Historically, however, the first successful nuclear test has been in the vicinity of a device generating about 20,000 tons of TNT, the size of the first “Trinity” U.S. test in 1945, which used plutonium; the smallest initial test to date was the Pakistani test at approximately 9,000 tons of TNT. From that point, a state nuclear program struggles to “weaponize” the nuclear device by reducing its physical dimensions to a size that can be delivered by a plane or missile. Consequently, a mini-nuke appears to be well beyond current North Korean science/engineering ability; it would be the equivalent of launching a manned moon mission without previously building a long-range ballistic missile.

The second possibility was that the explosion was not nuclear at all, not even a failed nuclear blast. Rather (in theory) it could have been a fuel-air explosive which, when detonated underground in terrain whose geology is essentially unknown, combined with an underground chamber designed to distort the seismic signature unique to a nuclear explosion, could generate sufficient ambiguity so that all those observing from a distance — often of thousands of miles — cannot be sure what they have observed. Again, this scenario failed the “Occam’s razor” rule, i.e., the least complex explanation is the most probable. And the identification of radioactive particles released by the test certifies that it was a nuclear test. Indeed, Pyongyang’s nuclear program has been underway for upwards of twenty years (by some accounts since the 1960s). At some point, it was going to choose to make a political statement.

Under the “fizzle” scenario, however, one should hypothesize that there will be another test, or tests, in the sooner rather than later time frame. Senior NK leaders have threatened/promised such. And then there has been back-and-forth media statements regarding whether or not Pyongyang plans another test. Nevertheless, if the North is focused on nuclear weapons for national security and/or international blackmail, it must to be confident that it can build them — and a fizzle doesn’t demonstrate anything beyond engineering incompetence. So those who are willing to accept pseudo-promises that there will be no further NK tests may also want to invest in tropical resorts in Pyongyang.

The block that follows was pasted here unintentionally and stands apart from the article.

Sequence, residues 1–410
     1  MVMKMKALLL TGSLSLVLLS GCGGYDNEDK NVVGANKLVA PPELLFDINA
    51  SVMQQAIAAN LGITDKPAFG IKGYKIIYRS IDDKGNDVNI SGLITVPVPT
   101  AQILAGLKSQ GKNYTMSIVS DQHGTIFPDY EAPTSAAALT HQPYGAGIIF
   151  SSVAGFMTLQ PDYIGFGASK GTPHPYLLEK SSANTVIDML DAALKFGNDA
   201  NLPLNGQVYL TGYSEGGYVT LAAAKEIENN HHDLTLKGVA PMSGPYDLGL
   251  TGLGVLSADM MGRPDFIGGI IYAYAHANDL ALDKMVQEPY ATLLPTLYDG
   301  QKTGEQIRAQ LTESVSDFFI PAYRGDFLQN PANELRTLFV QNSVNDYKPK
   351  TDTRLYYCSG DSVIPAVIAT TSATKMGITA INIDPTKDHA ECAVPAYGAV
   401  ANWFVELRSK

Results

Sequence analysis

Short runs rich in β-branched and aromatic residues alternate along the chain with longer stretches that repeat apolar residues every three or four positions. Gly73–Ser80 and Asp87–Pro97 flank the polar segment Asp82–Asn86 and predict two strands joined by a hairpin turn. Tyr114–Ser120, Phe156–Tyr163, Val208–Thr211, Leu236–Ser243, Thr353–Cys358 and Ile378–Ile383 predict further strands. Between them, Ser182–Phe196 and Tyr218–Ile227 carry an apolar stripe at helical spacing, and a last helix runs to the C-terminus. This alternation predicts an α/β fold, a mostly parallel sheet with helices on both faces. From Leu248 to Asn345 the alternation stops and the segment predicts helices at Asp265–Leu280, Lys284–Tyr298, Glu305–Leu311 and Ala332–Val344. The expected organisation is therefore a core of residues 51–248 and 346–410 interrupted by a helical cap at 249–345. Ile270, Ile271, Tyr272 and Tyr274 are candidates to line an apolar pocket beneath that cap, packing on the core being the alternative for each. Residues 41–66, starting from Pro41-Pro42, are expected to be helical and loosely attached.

Need for a Valium
That said, the United States is fueling the frenzy with statements about the unacceptability of North Korean nuclear weapons, statements that imply pre-emptive action despite President Bush’s statement that no military action is intended. Other states, including Canada, have tossed hype in the hysteria direction by blaming the United States for the NK program. And Secretary Rice’s recent Far East trip may have been politically and diplomatically necessary to calm jangled ROK and Japanese nerves, but is unlikely to have changed any of the regional realities. In this instance, at least, we should step back and do the diplomatic/intellectual equivalent of taking a Valium.

Frankly, the U. S. government has no responsibility for either stimulating or stopping the North Korean nuclear program. Underway for at least two decades, Pyongyang has temporized, evaded, and just plain lied about its objectives. It appreciates the squeamish and largely inconsequential nature of the international UN consensus—what does Zambia or Bolivia care about happenings on the Korean peninsula? Pyongyang has played the oh-so-concerned interlocutors with the adroit ruthlessness of Sudan’s Darfur deniers or Iran’s ayatollahs. Being condemned by the UN and its latest silly sanctions is akin to being gummed by a toothless sheep; if one doubts UN irrelevancy, ask Israeli diplomats.